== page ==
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L'invité

04 July 2017

Carole Fraresso, archeo-metallurgist

Scientific curator of the “Incas – Gold. Power. God.” exhibition, Carole Fraresso also designs the “Motché” jewelry inspired by pre-Columbian ornamentation.

 

You are a doctor in archeo-metallurgy, what does this mean?

I do research using modern technology like the microscope to identify materials and techniques to reconstruct the way pieces were produced in pre-Columbian civilizations. In this way the jewelry speaks out, of impurity, a hammering technique, an alloy or a crystallographic structure that can reveal the geographical origin, the economic situation of a civilization, and so on. One can even go so far as to determine whether objects were made by the same hand.

 

What is the subject of this “Incas – Gold. Power. God.” exhibition at World Cultural Heritage Site Völklingen Ironworks?

It shows the history of pre-Columbian civilizations and their cultural development from the Incas to the Chimús through to the Mochicas. In Peru, metallurgical development was particularly important, as evidenced by the 220 objects spanning 5,000 years of history. Most of them come from the Larco Museum in Lima and also from the Jacobins Museum in Auch, France.

 

Despite its title, the exhibition presents very few Inca objects?

Indeed, there are only a few pieces like the smooth gold cuff, found in Machu Picchu. This pre-Columbian civilization, the best known (1300-1532 AD), did not work in gold: it took the skills and techniques of the Chimpanic goldsmiths (1100-1470 AD) from the north of Peru by transferring them to Cuzco. But it can be seen very clearly in this exhibition that the greatest virtuosos of pre-Columbian goldsmiths were the Mochicas (100-800 AD). Although largely unknown to the general public, they are the ones who set up a sophisticated metallurgical system. Their funerary masks, nose ornaments, earrings and diadems are extremely delicate and light.

 

What were their techniques?

The ornaments were made from sheets less than a millimeter thick at a time when, let us not forget, the craftsmen had neither rolling mill nor electricity. From the moment when the Mochicas introduced copper, inventions multiplied. Different types of alloys of copper and silver, copper and gold or bronze appeared, and the range of colors diversified. They innovated with welding and an electrochemical process similar to contemporary electrolysis to coat their objects with a very thin layer of gold. It was probably a question of overcoming a shortage of this precious metal, in particular linked to sharp increase in demand from the political powers.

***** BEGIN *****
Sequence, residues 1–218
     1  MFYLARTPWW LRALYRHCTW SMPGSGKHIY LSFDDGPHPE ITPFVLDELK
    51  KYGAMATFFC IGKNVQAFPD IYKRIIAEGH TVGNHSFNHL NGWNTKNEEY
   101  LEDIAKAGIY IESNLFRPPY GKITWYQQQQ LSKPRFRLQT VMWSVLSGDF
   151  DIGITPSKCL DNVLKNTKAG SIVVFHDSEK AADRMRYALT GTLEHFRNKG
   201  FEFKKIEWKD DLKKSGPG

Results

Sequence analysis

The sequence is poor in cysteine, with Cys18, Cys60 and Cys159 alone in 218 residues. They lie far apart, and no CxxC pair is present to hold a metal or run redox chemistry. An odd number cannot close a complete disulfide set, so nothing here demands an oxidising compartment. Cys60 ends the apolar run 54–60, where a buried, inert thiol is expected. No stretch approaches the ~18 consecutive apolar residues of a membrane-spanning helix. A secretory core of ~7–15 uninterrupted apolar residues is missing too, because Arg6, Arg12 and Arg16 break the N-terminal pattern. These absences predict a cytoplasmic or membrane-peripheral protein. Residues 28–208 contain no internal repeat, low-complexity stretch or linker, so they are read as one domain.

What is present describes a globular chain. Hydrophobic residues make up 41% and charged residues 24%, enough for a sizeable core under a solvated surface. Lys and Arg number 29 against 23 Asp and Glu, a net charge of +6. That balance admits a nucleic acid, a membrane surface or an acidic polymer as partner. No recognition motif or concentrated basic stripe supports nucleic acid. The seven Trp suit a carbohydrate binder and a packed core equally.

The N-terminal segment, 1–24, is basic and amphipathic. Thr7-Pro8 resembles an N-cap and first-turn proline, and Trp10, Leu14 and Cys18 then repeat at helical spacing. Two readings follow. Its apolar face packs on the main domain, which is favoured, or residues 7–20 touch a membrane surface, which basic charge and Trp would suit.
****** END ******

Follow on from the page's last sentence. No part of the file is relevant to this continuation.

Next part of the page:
This probably explains the disappointment of the Spanish conquistadores?

In the writings, it is found that they were indeed disappointed by the objects they melted down because the majority was made up of alloys. The gold turned out to be of low quality and low value … So when Francisco Pizarro and his men landed in Colombia in 1532, they had in mind the accounts of Christopher Columbus that described immeasurable wealth.

 

These are ceremonial and religious pieces …

The ornaments played a part in the theatricalisation of the religion; they conferred a divine character to the leaders who thus appropriated magical powers. Like the nose ornaments or the oval crown of two kilos surmounted by large rigid feathers seventy centimeters high, which are unwearable! In these societies without writing, the metal was never chosen at random: the gold associated with the sun was that of the gods, the silver associated with the moon suggested the underworld of the dead and ancestors. And the motifs of beings with fangs, snakes, victims sacrificed, spiders and owls, all have a mythological or symbolic meaning.

 

Do you have a privileged relationship with the sublime Larco Museum in Lima?

I met the Larco family who own it in 2001, through my thesis on archaeo-materials entitled, Adornment in the Rituals of the Mochica Culture. I was the first to have had access to their exceptional collection of identity, ceremonial and funerary adornments. While doing the online catalog, I touched them, weighed, measured and wore them, when possible. I know how they got into the collection. Today, I am an associate researcher and I work on the promotion of the museum and its collections. I also feel like I’m part of the family …

 

In 2010, you launched “Motché”, a jewelry collection inspired by pre-Columbian jewelry.

I’ve studied the finest collections of pre-Columbian jewelry in the world, “Motché” logically followed suite. The pieces are split into two lines: Creation and Exclusive. In the first, I take the purest lines and abstract patterns of the Chimús, for example. In the second, I reinterpret more developed and large pieces like those found in the Larco Museum. There are representations of classic figures like the lord of Ucupe, animals, anthropomorphic creatures, and so on. Thanks to “Motché” and my collaboration with the master-goldsmith Armando, I try above all to perpetuate the pre-Columbian know-how. He is now one of the few Peruvian craftsmen to master the gold-leaf technique that the Mochicas excelled in.

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